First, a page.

Bee Warned

Bees have a great deal to cope with. The vagaries of the weather and limited flowering seasons of their food plants are enough to keep them busy without the mites and diseases that they get from time to time, let alone having to cope with predators.

Hornets like bees, that is, to eat. The European honeybee lives in large colonies, but the Asian honeybee lives in smaller more mobile colonies. It co-evolved with the hornet and has developed a strategy for dealing with them. Tan et al report on this in the Journal of Animal Behaviour (1,2).

Hornets like to swoop down and abduct an unsuspecting worker bee for lunch. Now the Asian honeybees are quite vigilant and if an incoming hornet is spotted a large number of them at the colony entrance shake their abdomens wildly so the hornet sees this seething mass and thinks better of its escapade and high tails it to somewhere else.

The bee's warning is not an idle threat. It alerts the hornet to a mass of bees that know it’s there. If it presses home its attack, the bees cluster around it very tightly so that it is immobilized and with the press of bees, its temperature increases and it becomes too hot and expires.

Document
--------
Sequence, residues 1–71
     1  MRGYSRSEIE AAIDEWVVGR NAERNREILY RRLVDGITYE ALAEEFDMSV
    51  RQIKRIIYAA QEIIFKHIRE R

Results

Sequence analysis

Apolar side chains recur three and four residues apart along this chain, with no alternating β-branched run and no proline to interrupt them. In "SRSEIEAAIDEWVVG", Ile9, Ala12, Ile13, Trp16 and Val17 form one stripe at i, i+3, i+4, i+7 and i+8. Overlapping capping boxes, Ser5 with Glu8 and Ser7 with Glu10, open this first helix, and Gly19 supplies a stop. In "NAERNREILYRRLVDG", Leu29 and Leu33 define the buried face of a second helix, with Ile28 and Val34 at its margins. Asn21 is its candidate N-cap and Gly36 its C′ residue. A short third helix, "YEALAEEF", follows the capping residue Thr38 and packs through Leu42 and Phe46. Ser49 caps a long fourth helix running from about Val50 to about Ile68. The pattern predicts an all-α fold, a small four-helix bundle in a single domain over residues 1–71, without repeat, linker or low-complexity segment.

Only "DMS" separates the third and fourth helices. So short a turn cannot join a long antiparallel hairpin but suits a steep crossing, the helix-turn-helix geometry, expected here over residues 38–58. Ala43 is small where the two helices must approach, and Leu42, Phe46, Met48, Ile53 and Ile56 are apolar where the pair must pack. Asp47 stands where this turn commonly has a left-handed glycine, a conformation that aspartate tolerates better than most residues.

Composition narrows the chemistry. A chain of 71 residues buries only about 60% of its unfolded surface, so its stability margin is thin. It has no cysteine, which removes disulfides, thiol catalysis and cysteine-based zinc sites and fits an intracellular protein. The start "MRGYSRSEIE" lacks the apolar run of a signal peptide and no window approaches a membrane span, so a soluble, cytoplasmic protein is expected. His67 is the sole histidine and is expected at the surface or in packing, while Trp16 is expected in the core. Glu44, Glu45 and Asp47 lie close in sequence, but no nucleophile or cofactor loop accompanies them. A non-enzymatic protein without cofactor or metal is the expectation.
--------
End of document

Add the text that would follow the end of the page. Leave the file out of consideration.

So all those wagging tails tell it to buzz off as it has a better chance of overheating than overeating.

The investigators used tethered hornets and butterflies to test the bee’s reaction. They found it was hornet specific as the bees ignored butterflies. The European honeybee has failed to evolve the same procedure and can get picked of by swooping hornets. 
  2. K. Tan, Z. Wang, H. Li, S. Yang, Z. Hu, G. Kastlberger & B.P, Oldroyd, J Anim. Behav. ,(2012).

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